Accessing and assembling a privately funded program can be challenging as well, in that there are limited agencies and private consultants providing the services– not to mention the cost. However, once started, the families can provide as intensive of a program as they can afford with the treatment methodology of their choice. A 25+ hour per week ABA program with a qualified consultant or case manager directing the program (minimally coming to the home 2 to 4 times per month to provide supervision) is more likely to render quicker positive results than a program that consists of less than 25 hours a week with lesser qualified supervision and therapists. Supervision (often in the form of “clinics” i.e., team meetings) should focus on working with the child and providing ongoing training for therapists and family. To obtain a private program as described, you can contact one of several agencies that provide outreach services, or a private individual who provides consulting services. Finding these service providers often occurs through the grapevine—although some local advocacy organizations may provide lists of providing agencies. The Behavior Analyst Certification Board (www.bacb.com) also has a certificant registry which may provide a good starting point.
Finally and less utilized, parents can go through parent training to become teachers themselves. Parent training has long been established as a key element to effective behavioral interventions for children with autism, but unfortunately, this option is not always suggested by those who diagnose children with autism. Further, there are limited training opportunities available for parents other than the standard training offered by Early Intervention. Training opportunities will vary depending on where you live. For example, there has been a recent increased emphasis on training in the New Jersey area. The Institute for Child Development through Hackensack University Medical Center has paired up with the Alpine Learning Group to provide short-term intensive parent training to families of newly diagnosed children. This training is dedicated to teaching parents to recognize learning opportunities in their everyday environment, which maximizes their child‘s learning. In addition to teaching parents how to be good teachers, the training also helps educate parents on how to gain access to the services that their child would benefit from (e.g., Early Intervention, contacting school district, etc).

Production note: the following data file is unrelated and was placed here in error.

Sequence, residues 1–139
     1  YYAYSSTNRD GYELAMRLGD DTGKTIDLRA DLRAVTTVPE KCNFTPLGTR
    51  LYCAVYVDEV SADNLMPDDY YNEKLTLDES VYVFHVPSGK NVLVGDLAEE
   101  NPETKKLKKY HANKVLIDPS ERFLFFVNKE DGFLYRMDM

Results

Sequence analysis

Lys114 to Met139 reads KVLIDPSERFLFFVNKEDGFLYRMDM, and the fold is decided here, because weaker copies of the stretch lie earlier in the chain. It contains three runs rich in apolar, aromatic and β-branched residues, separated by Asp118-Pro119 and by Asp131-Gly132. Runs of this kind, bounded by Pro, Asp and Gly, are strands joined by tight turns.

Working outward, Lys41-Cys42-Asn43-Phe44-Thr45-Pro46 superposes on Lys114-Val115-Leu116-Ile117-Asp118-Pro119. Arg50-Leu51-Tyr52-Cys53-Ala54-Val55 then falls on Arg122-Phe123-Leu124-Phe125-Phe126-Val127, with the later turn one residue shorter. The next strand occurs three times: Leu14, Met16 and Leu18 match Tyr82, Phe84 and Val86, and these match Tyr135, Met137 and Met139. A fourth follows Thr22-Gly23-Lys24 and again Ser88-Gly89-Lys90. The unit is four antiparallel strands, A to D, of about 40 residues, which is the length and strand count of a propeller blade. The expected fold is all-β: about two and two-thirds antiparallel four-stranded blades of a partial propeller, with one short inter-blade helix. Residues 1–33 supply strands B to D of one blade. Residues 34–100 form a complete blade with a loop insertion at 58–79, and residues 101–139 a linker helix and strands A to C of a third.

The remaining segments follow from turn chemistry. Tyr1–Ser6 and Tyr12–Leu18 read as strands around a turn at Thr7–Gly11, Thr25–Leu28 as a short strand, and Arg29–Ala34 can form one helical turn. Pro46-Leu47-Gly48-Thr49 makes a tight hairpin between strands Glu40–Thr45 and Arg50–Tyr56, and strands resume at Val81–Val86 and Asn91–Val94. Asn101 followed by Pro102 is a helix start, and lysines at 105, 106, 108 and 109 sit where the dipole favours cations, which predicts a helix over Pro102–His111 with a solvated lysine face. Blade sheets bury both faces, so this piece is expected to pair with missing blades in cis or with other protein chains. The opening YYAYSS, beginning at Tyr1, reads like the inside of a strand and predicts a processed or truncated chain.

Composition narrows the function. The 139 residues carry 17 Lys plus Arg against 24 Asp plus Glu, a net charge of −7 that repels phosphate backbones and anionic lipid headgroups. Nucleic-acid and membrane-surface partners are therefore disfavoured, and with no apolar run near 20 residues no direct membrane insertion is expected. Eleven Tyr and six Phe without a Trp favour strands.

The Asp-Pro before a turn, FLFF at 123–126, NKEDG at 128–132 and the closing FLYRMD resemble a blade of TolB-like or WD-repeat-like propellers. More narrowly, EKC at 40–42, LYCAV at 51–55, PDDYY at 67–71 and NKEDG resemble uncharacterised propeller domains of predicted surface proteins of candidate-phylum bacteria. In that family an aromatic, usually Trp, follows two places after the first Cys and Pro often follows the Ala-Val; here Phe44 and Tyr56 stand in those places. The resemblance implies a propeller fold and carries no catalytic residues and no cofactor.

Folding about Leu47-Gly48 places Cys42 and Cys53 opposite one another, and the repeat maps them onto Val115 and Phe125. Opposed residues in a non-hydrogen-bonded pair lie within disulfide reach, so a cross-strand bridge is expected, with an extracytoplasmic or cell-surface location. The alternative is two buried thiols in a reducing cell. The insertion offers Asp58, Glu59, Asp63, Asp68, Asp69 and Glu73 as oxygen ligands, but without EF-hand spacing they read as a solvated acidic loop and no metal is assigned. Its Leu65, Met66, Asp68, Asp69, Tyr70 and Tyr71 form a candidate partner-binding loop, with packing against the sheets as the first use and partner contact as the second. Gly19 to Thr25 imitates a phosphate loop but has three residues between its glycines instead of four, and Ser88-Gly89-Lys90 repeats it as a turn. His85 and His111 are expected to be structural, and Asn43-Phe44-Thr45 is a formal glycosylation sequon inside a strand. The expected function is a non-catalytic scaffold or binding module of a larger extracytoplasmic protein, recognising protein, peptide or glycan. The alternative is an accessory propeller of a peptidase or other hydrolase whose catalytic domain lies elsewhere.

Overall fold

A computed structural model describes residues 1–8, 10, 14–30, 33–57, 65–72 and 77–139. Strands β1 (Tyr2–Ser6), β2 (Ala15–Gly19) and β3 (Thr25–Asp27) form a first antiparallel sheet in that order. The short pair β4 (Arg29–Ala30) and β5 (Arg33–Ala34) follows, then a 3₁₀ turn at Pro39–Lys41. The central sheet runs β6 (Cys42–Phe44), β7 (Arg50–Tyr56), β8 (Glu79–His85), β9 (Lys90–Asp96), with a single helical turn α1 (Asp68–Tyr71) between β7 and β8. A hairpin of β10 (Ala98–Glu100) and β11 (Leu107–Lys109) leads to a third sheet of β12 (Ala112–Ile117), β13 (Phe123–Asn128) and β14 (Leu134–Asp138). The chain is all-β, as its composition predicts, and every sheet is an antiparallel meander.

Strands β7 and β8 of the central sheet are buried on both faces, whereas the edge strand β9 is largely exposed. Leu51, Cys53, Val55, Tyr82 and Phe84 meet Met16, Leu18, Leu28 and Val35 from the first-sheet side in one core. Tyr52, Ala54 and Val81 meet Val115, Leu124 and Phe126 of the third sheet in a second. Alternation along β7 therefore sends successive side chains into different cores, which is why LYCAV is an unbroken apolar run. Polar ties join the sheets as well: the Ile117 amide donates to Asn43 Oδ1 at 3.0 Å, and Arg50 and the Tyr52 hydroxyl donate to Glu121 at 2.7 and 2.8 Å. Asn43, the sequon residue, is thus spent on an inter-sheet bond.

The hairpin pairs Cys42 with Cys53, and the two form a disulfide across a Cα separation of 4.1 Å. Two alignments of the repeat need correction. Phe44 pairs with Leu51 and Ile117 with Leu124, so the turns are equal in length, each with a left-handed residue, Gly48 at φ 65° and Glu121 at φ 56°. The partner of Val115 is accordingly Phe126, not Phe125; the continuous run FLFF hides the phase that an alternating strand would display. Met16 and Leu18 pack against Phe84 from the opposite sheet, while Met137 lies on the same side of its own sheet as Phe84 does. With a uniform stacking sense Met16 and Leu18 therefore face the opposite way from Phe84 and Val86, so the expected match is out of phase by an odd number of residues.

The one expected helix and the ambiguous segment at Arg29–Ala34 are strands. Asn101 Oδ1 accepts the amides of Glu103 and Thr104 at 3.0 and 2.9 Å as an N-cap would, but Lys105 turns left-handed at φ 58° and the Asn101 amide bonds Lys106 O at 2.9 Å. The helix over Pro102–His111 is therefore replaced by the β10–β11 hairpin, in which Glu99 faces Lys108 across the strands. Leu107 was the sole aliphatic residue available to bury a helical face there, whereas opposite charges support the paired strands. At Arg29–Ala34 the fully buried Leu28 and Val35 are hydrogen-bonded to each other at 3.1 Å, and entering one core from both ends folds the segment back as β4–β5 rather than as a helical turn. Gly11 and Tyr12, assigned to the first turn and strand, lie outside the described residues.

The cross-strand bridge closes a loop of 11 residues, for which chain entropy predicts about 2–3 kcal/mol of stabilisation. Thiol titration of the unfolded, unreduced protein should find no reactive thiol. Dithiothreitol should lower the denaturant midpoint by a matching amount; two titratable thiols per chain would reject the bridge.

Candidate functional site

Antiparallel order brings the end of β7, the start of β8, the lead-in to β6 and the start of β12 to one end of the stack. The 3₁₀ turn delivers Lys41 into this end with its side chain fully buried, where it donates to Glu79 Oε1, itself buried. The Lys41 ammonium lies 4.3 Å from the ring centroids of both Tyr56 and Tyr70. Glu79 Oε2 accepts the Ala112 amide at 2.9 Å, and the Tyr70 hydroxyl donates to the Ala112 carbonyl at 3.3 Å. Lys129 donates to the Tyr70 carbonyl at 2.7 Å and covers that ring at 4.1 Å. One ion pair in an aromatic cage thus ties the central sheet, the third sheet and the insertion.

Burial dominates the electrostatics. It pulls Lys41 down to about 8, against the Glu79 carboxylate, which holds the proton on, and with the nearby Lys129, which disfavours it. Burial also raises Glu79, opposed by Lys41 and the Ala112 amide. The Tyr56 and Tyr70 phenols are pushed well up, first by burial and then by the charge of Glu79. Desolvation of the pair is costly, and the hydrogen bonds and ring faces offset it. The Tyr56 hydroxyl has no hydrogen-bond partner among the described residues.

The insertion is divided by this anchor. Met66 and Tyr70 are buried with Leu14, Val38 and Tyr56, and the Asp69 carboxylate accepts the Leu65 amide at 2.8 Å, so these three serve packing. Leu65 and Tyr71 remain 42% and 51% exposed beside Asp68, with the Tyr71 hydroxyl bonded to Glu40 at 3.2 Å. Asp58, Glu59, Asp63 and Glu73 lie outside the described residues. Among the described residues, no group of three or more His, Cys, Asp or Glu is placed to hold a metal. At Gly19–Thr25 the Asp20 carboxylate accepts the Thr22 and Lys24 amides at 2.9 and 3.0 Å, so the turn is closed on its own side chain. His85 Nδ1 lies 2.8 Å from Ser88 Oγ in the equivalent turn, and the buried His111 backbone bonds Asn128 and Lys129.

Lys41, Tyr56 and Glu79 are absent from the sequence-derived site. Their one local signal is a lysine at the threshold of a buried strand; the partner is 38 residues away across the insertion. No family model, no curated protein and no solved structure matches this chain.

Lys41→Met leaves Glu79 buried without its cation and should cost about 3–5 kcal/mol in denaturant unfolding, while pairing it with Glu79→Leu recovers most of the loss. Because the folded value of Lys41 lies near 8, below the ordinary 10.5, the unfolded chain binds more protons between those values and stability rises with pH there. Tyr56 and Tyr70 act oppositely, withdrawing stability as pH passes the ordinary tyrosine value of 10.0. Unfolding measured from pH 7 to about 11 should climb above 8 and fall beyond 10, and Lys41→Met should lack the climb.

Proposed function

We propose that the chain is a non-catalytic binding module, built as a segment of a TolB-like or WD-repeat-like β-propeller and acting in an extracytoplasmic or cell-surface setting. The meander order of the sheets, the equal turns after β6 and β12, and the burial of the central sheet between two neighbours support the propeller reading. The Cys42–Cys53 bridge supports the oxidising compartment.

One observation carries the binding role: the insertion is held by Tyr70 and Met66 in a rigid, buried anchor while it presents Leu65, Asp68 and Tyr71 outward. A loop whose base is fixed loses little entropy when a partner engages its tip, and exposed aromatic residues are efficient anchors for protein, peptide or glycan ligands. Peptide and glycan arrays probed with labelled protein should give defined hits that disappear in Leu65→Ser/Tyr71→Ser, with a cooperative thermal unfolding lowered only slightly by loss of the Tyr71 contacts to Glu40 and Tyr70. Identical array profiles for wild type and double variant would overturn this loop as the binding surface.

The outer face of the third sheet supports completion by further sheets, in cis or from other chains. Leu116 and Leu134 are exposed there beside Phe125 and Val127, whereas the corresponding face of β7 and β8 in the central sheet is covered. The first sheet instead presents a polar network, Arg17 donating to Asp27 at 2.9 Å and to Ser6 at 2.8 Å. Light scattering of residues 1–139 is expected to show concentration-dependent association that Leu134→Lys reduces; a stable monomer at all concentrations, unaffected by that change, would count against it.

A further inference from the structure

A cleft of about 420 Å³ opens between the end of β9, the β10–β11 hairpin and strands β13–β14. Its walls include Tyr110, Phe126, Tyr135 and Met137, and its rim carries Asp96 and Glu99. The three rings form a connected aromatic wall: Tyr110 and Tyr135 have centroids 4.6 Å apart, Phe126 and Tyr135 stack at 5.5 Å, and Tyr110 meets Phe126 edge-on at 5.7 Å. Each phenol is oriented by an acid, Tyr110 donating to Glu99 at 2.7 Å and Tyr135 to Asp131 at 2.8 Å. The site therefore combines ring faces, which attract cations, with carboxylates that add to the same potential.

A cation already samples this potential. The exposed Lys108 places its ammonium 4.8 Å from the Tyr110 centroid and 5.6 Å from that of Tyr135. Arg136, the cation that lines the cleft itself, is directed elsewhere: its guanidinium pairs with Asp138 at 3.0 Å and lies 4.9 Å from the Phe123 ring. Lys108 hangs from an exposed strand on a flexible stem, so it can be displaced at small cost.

Overall, 25+ hours a week of ABA therapy, with a qualified team leader/consultant and therapists that begins as close to the point of diagnosis as possible, along with parent training, is the ideal treatment package for a newly diagnosed child with autism. Parents with children with autism continue to impress me each day with their level of dedication, so it‘s not surprising that with the economic strains and treatment accessibility issues, many still become the best teachers and advocates for their children.
Citation for this article:
Smith, A. (2009). Clinical corner: Early detection and intervention. Science in Autism Treatment, 6(2), 2, 11, 14.
Other Related Clinical Corner Articles:
- Clinical Corner: Teaching an 18-month-old with autism
- Clinical Corner: What is involved in an early intensive ABA program for autism?
- Clinical Corner: Advocating for your child
Other Related ASAT Articles:
- Book Review: The complete guide to autism treatments 2nd edition
- Book Review: The activity kit for babies and toddlers at risk
- Book Review: Autism: Start here, what families need to know (3rd Edition)
- Packet for parents of newly diagnosed children
- Treatment Summary: Early Intensive behavioral intervention / treatment (EIBI)
Related ASAT Research Synopses:
- Research Synopsis: Evidence-based comprehensive treatments for early autism
- Research Synopsis: A systematic review of early intensive intervention for autism spectrum disorders
- Research Synopsis: Early intensive behavioral intervention: Outcomes for children with autism and their parents after two years